Police from Brooklyn’s 78th Precinct ticketed Michael Quinn, 33, for honking his horn on Wednesday. It was the first such citation given by the NYPD in twenty-seven years.
“We spotted a vehicle driving west on Bergen Street, honking frequently for apparently no reason,” said Officer Steven Smith, who wrote the summons. “In the interest of public safety and decency, we decided to make the stop.”
Mr. Quinn offered a defense for his actions. “This is my first time driving in the city,” he said. “I rented a Zipcar for a day trip upstate. All I know about driving in the city I learned by watching the pros. And with the city taking down the ‘no honking’ signs, I was surprised when I was pulled over.”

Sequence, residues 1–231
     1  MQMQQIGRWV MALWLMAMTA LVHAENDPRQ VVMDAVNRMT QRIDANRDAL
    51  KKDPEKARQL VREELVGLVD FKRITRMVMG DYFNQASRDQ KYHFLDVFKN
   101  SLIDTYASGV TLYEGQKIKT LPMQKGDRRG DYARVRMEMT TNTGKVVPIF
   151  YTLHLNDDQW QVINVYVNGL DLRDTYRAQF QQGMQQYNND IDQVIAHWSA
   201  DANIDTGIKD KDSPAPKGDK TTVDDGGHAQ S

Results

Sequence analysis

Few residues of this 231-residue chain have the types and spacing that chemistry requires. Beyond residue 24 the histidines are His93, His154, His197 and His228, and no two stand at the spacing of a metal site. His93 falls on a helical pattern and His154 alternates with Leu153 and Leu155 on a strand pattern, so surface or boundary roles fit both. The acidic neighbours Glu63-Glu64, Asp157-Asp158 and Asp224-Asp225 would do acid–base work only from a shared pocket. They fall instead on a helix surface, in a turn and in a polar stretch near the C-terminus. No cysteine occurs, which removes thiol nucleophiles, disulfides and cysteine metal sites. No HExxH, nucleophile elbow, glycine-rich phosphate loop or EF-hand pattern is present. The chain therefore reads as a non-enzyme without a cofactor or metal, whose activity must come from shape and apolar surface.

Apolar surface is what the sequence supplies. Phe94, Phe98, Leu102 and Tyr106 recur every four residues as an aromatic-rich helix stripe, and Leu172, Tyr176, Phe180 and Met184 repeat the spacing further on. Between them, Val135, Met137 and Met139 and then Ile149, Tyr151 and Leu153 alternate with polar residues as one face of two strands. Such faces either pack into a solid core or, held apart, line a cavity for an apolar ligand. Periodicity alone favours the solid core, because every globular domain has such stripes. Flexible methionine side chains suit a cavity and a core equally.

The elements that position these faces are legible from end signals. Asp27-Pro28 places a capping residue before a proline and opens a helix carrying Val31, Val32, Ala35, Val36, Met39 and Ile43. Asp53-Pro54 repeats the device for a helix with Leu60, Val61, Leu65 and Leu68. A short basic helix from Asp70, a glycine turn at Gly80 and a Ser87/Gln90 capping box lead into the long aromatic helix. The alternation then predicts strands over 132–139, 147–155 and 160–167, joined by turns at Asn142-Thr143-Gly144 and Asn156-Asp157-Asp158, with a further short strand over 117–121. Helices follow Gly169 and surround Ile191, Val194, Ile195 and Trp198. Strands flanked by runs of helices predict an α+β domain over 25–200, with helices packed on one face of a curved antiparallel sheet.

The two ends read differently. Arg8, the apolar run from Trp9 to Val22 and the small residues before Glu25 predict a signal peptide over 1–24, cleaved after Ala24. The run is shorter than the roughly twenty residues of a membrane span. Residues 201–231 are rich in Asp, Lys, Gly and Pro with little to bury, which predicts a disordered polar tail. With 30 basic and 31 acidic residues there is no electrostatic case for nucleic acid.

The constant warnings from Mr. Quinn might have arisen from a different type of defensive maneuver. “I’ve been a cyclist since I moved here in 2004,” he said. “I ring my bell at anything I consider dangerous – a car that might pull out, a cyclist I’m about to pass, a pedestrian who looks primed to jaywalk. I guess I forgot I was ensconced in two tons of metal and surrounded by air bags.”
Mr. Quinn reported an “itching in [his] thumb” to ring his bell, which he quelled by blowing his horn.
At One Police Plaza, top NYPD brass welcomed the news of the arrest. “This heralds a new era of enforcement in this city,” said Commissioner Ray Kelly in a press release. “I hope other drivers will take heed. We’re aiming to create a quieter, more peaceful New York.”
The NYPD then sent a second press release redacting the boilerplate language, “No criminality suspected.“